What Are The Criminal And Civil Liabilities For Breaking Intellectual Property Laws?
You live in one of the richest, most developed countries on the planet — and so you’ve probably heard news about one company suing another for copyright infringement. Perhaps you’ve heard about an inventor suing a company for violating his patent protections. Or maybe a writer sued a TV producer for stealing a book’s ideas to use in another medium. These are examples of civil litigation, though. Does anyone ever go to jail for breaking intellectual property laws? Are there criminal penalties? Where does the law stand? These are the questions we hope to answer.
Remember VHS and DVD? Yeah, neither do we. But anyone who can catch those memories will recall those copyright infringement notices at the beginning of each press of the “play” button. Hundreds of thousands of dollars in fines for each violation plus the possibility for years of incarceration.
Actual damages paid for violations are normally much smaller in civil court. Generally, criminal penalties are only applied when such violations are considered “willful.” Does that mean downloading a TV show or book without permission from the creator could land you in jail?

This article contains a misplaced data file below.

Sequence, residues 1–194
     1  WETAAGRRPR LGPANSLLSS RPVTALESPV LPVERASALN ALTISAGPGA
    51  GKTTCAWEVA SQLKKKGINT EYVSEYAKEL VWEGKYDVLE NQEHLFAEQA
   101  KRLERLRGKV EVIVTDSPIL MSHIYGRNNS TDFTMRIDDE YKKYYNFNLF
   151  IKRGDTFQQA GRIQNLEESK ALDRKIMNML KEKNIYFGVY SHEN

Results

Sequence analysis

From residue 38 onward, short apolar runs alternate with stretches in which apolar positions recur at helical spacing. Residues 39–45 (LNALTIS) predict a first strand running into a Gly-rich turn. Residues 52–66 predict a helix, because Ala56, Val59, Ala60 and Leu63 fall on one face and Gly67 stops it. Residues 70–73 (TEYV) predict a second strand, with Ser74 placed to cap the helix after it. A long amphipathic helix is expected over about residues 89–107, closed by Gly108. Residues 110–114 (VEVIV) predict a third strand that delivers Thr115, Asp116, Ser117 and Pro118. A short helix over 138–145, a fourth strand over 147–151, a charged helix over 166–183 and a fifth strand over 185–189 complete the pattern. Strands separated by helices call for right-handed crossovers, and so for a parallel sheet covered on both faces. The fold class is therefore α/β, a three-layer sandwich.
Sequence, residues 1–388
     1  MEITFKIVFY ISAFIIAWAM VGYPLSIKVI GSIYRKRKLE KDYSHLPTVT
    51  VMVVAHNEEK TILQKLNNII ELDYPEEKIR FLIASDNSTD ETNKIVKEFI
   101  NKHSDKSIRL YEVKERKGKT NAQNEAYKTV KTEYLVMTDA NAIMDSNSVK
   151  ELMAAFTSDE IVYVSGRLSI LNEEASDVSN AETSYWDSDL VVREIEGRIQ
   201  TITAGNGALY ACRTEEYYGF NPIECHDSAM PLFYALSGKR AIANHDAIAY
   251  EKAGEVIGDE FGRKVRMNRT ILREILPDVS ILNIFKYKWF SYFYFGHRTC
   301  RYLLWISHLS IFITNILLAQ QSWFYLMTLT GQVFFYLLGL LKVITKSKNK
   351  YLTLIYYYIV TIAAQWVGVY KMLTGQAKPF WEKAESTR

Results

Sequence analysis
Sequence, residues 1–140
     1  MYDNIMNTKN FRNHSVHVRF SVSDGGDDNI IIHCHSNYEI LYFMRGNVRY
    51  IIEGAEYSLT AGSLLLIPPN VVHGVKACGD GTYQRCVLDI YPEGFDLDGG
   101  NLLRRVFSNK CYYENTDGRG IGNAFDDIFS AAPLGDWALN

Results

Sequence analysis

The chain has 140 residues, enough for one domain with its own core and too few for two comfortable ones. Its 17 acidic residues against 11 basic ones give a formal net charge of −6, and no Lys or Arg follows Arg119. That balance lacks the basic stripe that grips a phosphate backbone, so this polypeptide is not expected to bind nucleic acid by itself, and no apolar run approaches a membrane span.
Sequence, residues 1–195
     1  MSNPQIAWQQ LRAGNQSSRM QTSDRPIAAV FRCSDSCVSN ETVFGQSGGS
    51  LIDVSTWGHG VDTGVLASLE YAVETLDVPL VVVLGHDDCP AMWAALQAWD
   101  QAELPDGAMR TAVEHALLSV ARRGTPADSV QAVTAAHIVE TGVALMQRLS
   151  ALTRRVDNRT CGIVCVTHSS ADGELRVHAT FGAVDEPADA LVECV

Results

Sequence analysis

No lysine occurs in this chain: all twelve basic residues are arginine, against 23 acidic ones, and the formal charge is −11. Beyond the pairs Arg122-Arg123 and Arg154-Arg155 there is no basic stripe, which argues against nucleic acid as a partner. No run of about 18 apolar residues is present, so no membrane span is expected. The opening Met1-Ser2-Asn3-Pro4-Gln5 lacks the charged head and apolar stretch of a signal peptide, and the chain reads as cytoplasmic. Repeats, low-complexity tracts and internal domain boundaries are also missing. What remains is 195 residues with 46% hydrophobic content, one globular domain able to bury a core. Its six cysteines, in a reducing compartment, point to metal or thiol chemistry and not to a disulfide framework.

But realistically, that almost never happens. The people most likely hit with criminal copyright infringement penalties are the ones who are responsible for websites like The Pirate Bay. They’re the ones who make these thefts not only possible, but easy.
Do you use a torrenting application to steal this type of content? You’re probably still safe — although internet service providers routinely watch out for big downloads by individuals (and more importantly, they know exactly what you steal). That means that this type of theft could make it more difficult to find a provider after the first one dumps you for too many infringements.
Now, let’s say you’re not only using torrenting applications, but are providing extra bandwidth to make the content even more accessible through uploads. Most pirates are content with downloading, but some go out of their way to disseminate the stolen materials for others. These individuals (or sometimes groups) are far more likely to see criminal prosecution for their actions.
One federal case recently concluded with a guilty plea from U.K. citizen George Bridi. United States Attorney Damian Williams explained: “As he admitted in court today, George Bridi participated in an international video piracy ring that illegally distributed worldwide on the Internet nearly every movie released by major production studios, as well as television shows. Bridi circumvented copyright protections on DVDs and Blu-Ray discs to illegally share movies online, but he and his crew could not evade law enforcement scrutiny.”
Sound like you? Then you could be in trouble.
Criminal defense firms like www.ronaldfreemanlaw.com understand the differences between criminal and civil proceedings — and they have a good idea of what to expect and when. Not sure that the lawman is after you for possible breaches of someone else’s IP? Not to worry. Consult with a criminal defense attorney to find out more about the laws where you live. Keep calm and don’t speak with the police or investigators without counsel present.